Theresa Störiko 

Supervisor: Dr. Nishith Gupta, Humboldt-Universität zu Berlin, Department of Biology, Heisenberg Research Group Leader

 

An optogenetic approach to cyclic adenosine monophosphate (cAMP) signaling in Plasmodium falciparum

 

My project will employ optogenetic methods to explore cAMP signaling in Plasmodium falciparum blood stages. We will use a light-activated adenylate cyclase to induce the generation of cAMP in intracellular parasites. Transcriptomics and phosphoproteomics analyses will then allow us to identify downstream mediators of cAMP signaling.

Timon Hick 

Supervisor: Dr. Benedikt Beckmann, Humboldt-Universität zu Berlin IRI Life Sciences

 

Cross-species RNA-protein interactions in the malaria-infected cell

 

This project will address the cell-cell communication between Plasmodium falciparum-infected red blood cells (iRBCs) via exosome-like vesicles. The main focus will be on RNA-Sequencing and RNA-protein interaction studies of vesicular RNA that is secreted from iRBCs and the pathogen itself. Finally, putative interaction partners will be subjected to functional studies, as well as further in vivo and in vitro characterisation.


Julia Jäger 

Supervisor: Prof. Dr. Frank Mockenhaupt, Charité - Universitätsmedizin Berlin Institute of Tropical Medicine and International Health

 

Polymorphisms of iron regulation in susceptibility and manifestation of malaria


The project aims to find polymorphisms in genes involved in iron regulation (e.g. SLCIIA2, SLC40A1, TF, DMT1) that are abundant in populations living in malaria-endemic regions. To confirm the protective effect of the polymorphisms it will be related to the odds of various entities and syndromes of malaria. Monoclonal antibodies and siRNA techniques will be used to identify pathways involved in potentially modified recognition and activation processes. Surface variation of infected RBCs will be identified by high resolution scanning microscopy and analysis of membrane components and adhesion properties will be done in collaboration with the Maier lab. Identified relevant polymorphisms will be tested for significance by using CRISPR/Cas9-mediated genome editing technology of erythroblasts.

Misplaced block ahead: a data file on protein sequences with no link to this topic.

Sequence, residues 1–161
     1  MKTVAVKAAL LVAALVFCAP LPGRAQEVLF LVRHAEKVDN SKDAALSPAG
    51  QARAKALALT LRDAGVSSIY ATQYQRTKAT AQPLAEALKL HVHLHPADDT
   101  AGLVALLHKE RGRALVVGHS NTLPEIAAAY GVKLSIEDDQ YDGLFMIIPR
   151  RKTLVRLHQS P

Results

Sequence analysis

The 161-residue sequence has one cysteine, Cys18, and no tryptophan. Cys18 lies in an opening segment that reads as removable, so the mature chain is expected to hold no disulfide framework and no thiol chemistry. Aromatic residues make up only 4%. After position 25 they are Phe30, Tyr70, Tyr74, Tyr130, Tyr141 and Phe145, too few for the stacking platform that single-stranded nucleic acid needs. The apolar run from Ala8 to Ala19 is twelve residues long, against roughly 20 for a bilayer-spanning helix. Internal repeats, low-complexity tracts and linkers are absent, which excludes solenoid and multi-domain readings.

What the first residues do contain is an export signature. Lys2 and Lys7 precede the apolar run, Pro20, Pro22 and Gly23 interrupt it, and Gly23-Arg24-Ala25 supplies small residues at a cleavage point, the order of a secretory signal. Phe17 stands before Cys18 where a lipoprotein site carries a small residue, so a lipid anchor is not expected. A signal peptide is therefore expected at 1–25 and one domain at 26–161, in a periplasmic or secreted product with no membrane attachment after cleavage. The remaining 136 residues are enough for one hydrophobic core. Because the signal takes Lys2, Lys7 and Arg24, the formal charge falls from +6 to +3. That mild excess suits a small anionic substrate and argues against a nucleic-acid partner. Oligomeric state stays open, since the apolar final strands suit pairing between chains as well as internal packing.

Parnika Mukherjee 

Supervisor: Prof. Dr. Emanuel Heitlinger, Humboldt-Universität zu Berlin & Leibniz Institute for Zoo and Wildlife Research

 

Cross-species association of genotype and transcriptome response as driver of susceptibility and virulence

 

Understanding host-pathogen interactions is key to understanding infection mechanisms.  In malaria, little is known about genes and proteins involved in these interactions. I am studying the effects of perturbations in gene regulatory networks and of correlated gene expression on infection mechanisms, first, using online databases and second, using gene expression data of mouse models.


Birte Steinhofel 

Supervisor: Prof. Dr. Christian Schmitz-Linneweber, Humboldt-Universität zu Berlin, Department of Biology

 

Analysis of heptatricopeptide repeat proteins in Toxoplasma gondii

In the course of the project a novel family of apicomplexan organellar RNA binding proteins will be studied. Initial evidence suggests that they function in RNA stabilization, processing and ribosome assembly. As a genetically tractable model for Plasmodium biology, the role of these proteins in organellar RNA metabolism will be investigated in Toxoplasma gondii using a combination of RNA biochemistry and experimental genetics.


MD-associated PhD student:

Bertram Linderkamp  

Supervisor: Prof. Dr. Leif-Erik Sander, Charité - Universitätsmedizin Berlin Med. Klinik m.S. Infektiologie und Pneumologie

Dissecting innate responses of dendritic cells to bood-stage and pre-blood-stage Plasmodium falciparum

Dendritic cell responses to Plasmodium falciparum will be characterized in various genetic backgrounds using a newly-established cell culture model-system and human primary cells. In addition to standard immunology readouts (ELISA, FACS), single-cell whole-transcriptome analysis will afford insights into heterogeneous activation profiles of DCs after plasmodium challenge.

 



Canberra-based Students